When I started working at my new job, I wanted to import all of my logins in case I needed them at work. I quickly found that working at a credit card company meant there were a lot of limitations to what you were and were not allowed to do. One of these things was that I couldn’t log in to Dropbox (where I keep my encrypted 1Password key chain for syncing across machines) and the second was that you needed to go through a proxy server in order to access anything on the internet.
The Dropbox I could live without, I would just have to manually sync my key chain every once in a while for passwords I might reset. The proxy thing was a problem though.
Every time I opened Firefox or Safari meant I had to authenticate against the proxy server. In Firefox this was especially a problem because every time I opened Firefox with tabs already open from a previous session, Firefox would prompt for my proxy password for each tab that was open to an external web site. This meant almost a “ba-jillion” window prompts.
1Password keeps track of passwords based on the domain, but because it was a proxy password, depending on what page it was trying to load, the “domain” 1Password would “pick up” was usually the wrong one. Obviously, I didn’t want to have to enter my proxy password manually every time (why would I have the password manager in the first place then?!)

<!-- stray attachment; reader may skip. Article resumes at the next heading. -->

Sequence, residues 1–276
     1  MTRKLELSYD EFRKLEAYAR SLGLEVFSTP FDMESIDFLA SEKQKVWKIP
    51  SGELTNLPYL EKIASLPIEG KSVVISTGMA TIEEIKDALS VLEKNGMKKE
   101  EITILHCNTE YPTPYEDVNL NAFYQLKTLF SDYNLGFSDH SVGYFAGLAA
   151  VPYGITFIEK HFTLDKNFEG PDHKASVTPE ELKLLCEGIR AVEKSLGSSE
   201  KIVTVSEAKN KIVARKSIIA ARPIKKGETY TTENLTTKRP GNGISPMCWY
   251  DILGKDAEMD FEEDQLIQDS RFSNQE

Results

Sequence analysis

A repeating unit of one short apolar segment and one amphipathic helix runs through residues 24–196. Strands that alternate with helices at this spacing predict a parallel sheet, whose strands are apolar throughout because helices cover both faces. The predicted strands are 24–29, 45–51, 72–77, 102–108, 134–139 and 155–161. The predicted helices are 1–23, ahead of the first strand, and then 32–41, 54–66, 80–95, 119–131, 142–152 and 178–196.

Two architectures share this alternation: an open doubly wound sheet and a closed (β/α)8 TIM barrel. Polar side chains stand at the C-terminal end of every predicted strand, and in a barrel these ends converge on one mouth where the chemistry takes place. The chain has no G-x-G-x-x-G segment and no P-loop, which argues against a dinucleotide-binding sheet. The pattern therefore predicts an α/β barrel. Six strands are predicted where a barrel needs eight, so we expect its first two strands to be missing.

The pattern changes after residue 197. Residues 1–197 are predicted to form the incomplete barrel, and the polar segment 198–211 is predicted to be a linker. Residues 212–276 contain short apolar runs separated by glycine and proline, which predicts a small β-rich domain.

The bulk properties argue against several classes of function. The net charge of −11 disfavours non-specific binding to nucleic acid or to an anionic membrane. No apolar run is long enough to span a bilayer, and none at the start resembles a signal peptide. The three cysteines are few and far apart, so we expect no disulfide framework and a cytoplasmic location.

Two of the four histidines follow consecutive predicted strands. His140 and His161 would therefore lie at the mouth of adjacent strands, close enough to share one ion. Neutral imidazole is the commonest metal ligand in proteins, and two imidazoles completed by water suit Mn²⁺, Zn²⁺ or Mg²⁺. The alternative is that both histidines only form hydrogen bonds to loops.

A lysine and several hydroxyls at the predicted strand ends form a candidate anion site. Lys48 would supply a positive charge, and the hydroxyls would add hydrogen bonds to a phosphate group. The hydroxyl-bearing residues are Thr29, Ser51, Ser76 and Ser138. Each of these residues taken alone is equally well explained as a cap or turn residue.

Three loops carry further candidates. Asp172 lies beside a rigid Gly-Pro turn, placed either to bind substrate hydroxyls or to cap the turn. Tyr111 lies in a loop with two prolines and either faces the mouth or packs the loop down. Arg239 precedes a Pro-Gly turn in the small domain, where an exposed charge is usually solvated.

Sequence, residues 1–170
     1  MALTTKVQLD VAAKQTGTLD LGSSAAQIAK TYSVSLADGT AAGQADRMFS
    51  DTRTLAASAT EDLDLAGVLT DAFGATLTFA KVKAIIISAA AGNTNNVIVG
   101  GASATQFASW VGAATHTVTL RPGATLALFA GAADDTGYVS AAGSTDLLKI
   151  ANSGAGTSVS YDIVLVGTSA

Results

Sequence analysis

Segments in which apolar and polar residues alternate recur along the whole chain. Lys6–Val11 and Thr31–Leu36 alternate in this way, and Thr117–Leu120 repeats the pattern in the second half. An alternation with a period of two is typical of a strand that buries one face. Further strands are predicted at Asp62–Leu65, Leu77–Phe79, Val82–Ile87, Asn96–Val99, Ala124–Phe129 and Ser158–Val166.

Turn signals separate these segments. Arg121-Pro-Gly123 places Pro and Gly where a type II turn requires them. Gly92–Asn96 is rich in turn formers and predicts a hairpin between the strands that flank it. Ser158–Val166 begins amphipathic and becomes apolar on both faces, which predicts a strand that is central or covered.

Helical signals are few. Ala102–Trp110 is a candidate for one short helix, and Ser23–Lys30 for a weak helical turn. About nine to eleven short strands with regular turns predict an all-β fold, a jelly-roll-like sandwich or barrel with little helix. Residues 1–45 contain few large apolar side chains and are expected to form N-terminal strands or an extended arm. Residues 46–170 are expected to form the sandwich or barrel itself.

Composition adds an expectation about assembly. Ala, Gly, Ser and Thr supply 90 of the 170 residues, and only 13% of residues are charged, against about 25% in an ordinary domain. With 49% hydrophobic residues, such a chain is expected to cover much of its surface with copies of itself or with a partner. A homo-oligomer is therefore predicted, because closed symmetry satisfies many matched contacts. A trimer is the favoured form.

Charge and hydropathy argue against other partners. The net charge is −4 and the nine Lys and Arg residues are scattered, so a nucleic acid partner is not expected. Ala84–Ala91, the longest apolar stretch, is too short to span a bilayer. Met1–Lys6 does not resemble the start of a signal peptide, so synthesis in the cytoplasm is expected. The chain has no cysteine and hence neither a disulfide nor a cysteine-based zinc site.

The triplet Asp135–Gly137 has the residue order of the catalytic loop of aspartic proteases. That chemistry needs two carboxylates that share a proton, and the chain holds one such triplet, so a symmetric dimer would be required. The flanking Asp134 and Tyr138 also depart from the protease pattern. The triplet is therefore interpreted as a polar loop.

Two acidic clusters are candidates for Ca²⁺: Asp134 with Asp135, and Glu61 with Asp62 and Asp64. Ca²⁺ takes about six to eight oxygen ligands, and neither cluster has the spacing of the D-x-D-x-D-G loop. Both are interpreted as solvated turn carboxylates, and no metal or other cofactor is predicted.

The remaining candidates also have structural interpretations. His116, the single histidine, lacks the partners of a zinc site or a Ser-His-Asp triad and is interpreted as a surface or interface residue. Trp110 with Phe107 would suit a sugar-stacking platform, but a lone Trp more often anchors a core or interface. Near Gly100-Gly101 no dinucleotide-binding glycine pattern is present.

The work around for this is to open up 1Password, create the entry for your proxy server username/password and where it says “Display: Always” there is an additional entry at the end of the drop-down that says “Show in Every HTTP Auth Prompt.” That’s the golden ticket!
Now, when you open Firefox, (warning: it still opens up a million authentication windows but you only have to fill out one) in the 1Password drop down to fill out the prompt you will see your proxy option. You may have to refresh the pages if it didn’t pop up the auth prompts in order but that was an acceptable price to pay for me to have both 1Password and Firefox.
A “gotcha” to watch out for is in Safari. I noticed that if I reset my browser settings (like, everything blown away, settings, cookies, etc) it lost the proxy server authentication. What you have to do is disable 1Password as a plugin in Safari and restart Safari. A single prompt should pop up asking you for your proxy username and password and will ask you if you want to save it to your key chain. Click the box and submit. When you enable 1Password as a plugin again you should be golden and won’t have to input your proxy password ever again.
I hope this helps someone out there that had the same problem! Took me a good week or so to get everything running smoothly.